Dinner Passard style… sort of

Then, it was on to dinner.

My mom recently offered me a comic book illustrating spending a couple years in the kitchen at l’Arpege, Alain Passard’s famed restaurant in Paris.

You can find it at http://amzn.to/wEL20c but be warned, it’s in French.

Passard is supposed to be the vegetable whisperer and attempting to reproduce his recipes although possible is probably vain because he grows everything himself in his farms and has staff attending to the vegetables and fruits to perfect them. Needless to say that your/my usual supermarket or even Farmer’s Market doesn’t offer that quality.

I however felt courageous and took on two of his more accessible recipes.

The first one is simple and something he calls

Vegetable Sushi

For 4

  • 1 carrot
  • 1 turnip
  • 1 fennel bulb
  • 3-4 radishes
  • 1/2 small red cabbage
  • A little bunch of chives
  • Olive Oil
  • Soy Sauce
  • Rice Paper
  • 2 small Beets – The original recipe calls for a red beet, a golden beet and a black one. I just couldn’t find them so I stuck with red.
  • Orleans Mustard – You will be challenged finding this here. On Passard’s advice, I replaced it by some Wasabi. Technically speaking, he said horseradish but oh well

Prepare a brunoise with all the vegetables and mix them in a bowl with 6 big spoons of olive oil.

Set the rice paper in water to prepare it. When ready, place the vegetable mix in the middle and roll it as tight as possible. Create “sushi’ by cutting several 1 inch sections.

Place them on a plate and put a small nut of Orleans mustard / horseradish / wasabi on top.

Prepare a mix of olive oil and spy sauce and pour a healthy amount on your “sushi”

In salted water, cook the unpeeled beets. When ready, peel them and cut moderately thin slices . Place the sliced on the mustard / horseradish / wasabi to make it stick.

Voila!

This was so fresh, light  and crispy, yet the crispiness was balanced by the rice paper smoothness. I will definitely prepare this again. The rolls I prepared were not tight enough, I’ll have to focus on that next time.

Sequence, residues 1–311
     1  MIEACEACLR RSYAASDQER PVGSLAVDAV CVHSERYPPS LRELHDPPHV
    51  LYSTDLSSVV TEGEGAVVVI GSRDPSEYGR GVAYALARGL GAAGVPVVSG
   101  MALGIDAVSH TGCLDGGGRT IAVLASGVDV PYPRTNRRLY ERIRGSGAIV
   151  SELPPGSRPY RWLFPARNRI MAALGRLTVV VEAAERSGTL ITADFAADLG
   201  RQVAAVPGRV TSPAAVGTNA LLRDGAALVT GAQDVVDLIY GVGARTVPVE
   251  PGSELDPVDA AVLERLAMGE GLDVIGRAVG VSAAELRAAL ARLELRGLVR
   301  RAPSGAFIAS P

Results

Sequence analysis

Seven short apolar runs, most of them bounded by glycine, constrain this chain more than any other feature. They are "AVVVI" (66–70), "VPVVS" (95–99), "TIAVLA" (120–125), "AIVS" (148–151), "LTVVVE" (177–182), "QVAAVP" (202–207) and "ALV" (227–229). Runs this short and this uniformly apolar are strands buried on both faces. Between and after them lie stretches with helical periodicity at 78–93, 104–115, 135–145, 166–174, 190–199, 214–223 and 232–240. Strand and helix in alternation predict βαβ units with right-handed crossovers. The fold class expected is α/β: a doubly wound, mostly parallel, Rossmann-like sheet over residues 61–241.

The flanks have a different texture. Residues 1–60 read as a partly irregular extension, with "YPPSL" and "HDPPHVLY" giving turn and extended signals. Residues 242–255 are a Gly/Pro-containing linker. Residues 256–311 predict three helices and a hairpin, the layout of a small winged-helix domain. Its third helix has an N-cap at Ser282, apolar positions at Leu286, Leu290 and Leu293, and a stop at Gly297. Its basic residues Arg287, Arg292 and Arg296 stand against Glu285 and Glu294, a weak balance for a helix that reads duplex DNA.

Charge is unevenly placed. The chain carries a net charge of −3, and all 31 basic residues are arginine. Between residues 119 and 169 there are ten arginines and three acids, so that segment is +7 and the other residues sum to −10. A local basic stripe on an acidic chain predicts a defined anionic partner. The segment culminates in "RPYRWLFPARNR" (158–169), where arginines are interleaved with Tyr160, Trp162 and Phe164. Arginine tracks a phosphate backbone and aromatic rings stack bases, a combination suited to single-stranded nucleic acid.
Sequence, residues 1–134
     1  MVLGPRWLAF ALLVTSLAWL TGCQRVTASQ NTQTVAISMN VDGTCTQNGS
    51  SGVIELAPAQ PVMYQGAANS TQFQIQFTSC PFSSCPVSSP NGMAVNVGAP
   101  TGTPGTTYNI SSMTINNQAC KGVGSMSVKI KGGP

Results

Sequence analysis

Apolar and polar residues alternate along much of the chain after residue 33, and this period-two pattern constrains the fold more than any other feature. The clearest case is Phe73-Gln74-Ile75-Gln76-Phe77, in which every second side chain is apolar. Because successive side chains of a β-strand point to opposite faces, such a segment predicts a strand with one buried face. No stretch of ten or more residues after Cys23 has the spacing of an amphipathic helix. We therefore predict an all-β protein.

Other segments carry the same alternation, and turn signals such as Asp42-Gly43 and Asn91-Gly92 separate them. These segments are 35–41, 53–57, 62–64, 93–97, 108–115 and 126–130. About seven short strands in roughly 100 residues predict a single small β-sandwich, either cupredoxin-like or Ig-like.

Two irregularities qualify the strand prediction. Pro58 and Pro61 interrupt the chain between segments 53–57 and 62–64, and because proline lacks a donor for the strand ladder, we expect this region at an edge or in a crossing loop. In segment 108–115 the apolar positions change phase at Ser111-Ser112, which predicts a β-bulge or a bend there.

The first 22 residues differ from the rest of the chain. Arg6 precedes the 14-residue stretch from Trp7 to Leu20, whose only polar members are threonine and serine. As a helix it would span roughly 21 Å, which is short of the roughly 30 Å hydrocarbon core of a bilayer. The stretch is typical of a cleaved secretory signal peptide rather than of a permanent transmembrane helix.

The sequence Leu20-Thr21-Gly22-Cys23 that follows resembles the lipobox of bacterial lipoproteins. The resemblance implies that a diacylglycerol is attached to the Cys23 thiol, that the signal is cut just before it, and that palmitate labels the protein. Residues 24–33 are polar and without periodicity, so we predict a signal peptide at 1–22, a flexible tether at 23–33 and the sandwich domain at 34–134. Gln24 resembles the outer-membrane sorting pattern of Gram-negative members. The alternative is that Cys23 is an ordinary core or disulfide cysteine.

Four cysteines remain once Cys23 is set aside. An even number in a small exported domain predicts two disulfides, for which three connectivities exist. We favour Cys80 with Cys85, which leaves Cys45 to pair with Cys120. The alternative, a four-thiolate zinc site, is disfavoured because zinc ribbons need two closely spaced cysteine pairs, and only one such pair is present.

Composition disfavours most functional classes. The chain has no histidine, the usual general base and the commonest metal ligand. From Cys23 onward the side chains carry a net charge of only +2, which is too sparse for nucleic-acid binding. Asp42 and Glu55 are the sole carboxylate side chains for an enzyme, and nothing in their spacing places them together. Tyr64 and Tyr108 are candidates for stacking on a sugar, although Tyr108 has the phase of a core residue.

The second course was much more out there. Alain Passard calls it:

Red Beets with Purple Basil and Blackberry puree

For 4

  • A bowl of fresh blackberries
  • Soy Sauce
  • A tbsp of salted butter
  • Basil – preferably purple basil
  • Fleur de sel
  • Pepper
  • 4 red beets
  • Milk

With a fork, puree the blackberries. Put them on the stove on very low heat for 15 minutes along with 4 branches of purple basil that you would have chopped beforehand. Add the butter and 2 big spoons of Soy Sauce (I have to warn you that I felt this was too salty so if I ever do it again, I might ease off on the soy sauce).

In salted water, cook the unpeeled beets for about 20 minutes. Let them cool down for 10  minutes then peel them.

You are now ready to plate. Place the blackberry puree as  base in the plate then place the lukewarm beets on top. Throw in some Fleur de Sel and a little pepper. Then, with an espresso machine, prepare some milk froth and circle the blackberry puree with it.

I know that sounds a little crazy but it’s a very interesting recipe in terms of textures and colors. I can’t say that it was fantastic because it was a tad too salty but I will definitely give it another shot.

I’ll leave the adventure of the dessert to another post but at that point in the dinner, I had a happy birthday girl at the table. Oh, have I mentioned she loves beets?

<a href=”http://back40forums.com/tenant.php?blogid=7546″><!– prudish –></a>

Leave a Reply

Your email address will not be published. Required fields are marked *

five × 4 =